Nina Bawden: Squib
Illustrated by Shirley Hughes
Puffin Books 1973 (1971)
‘Little children understand magic,’ her mother had said once. ‘It’s a gift you lose as you grow older.’
Squib is a marvellous tale about how children of a certain age look to fairytales to help them make sense of the world. In a little waif which they call Squib Kate sees either a changeling or the ghost of her younger brother swept out to sea years before; siblings Sammy and Prue want Squib as an otherworldly playmate but are worried that he’s guarded by a witch in a wood; Prue and Sammy’s brother Robin wants to pursue ‘useless’ subjects like Latin and classical Greek at school but sees himself as a reluctant hero when wrongs need to be righted and Squib needs rescuing.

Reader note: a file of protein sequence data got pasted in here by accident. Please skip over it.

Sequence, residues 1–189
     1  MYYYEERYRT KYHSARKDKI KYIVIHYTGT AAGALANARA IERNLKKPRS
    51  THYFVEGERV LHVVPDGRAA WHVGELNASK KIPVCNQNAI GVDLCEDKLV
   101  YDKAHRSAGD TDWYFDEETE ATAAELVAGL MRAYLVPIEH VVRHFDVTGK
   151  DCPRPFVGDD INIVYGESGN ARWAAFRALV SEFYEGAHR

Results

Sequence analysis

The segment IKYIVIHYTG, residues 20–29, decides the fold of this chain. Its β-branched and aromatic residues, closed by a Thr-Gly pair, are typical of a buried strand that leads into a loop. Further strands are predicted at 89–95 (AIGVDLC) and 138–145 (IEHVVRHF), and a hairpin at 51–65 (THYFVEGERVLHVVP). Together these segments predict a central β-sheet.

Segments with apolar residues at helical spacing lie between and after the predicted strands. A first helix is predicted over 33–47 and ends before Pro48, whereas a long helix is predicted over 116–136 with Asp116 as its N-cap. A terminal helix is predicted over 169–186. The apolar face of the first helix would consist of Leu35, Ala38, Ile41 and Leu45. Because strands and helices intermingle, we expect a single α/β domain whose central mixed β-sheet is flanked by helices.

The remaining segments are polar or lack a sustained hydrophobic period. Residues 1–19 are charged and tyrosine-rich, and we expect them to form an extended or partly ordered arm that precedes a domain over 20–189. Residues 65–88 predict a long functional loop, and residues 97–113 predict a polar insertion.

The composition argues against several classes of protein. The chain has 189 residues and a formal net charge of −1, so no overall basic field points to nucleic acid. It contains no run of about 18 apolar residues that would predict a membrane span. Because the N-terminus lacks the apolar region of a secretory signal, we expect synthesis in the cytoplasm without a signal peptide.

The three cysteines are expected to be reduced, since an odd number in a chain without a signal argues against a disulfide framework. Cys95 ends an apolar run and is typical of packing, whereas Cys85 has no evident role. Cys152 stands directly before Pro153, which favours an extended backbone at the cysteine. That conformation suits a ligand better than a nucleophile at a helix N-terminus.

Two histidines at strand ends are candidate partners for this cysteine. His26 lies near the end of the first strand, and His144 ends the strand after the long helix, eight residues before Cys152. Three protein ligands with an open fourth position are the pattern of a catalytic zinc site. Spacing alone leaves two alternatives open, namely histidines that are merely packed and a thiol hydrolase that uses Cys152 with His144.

And the adults, have they truly lost the gift of understanding magic? Kate’s mother — an illustrator of children’s books — believes that ‘in real life there aren’t any right true happy endings. You have to get used to things as they are.’ Meanwhile, Robin’s mother was once a competitive swimmer but thinks she will never have the need to demonstrate her skills in this department again. Is life so cruel then that dreams face being forever dashed?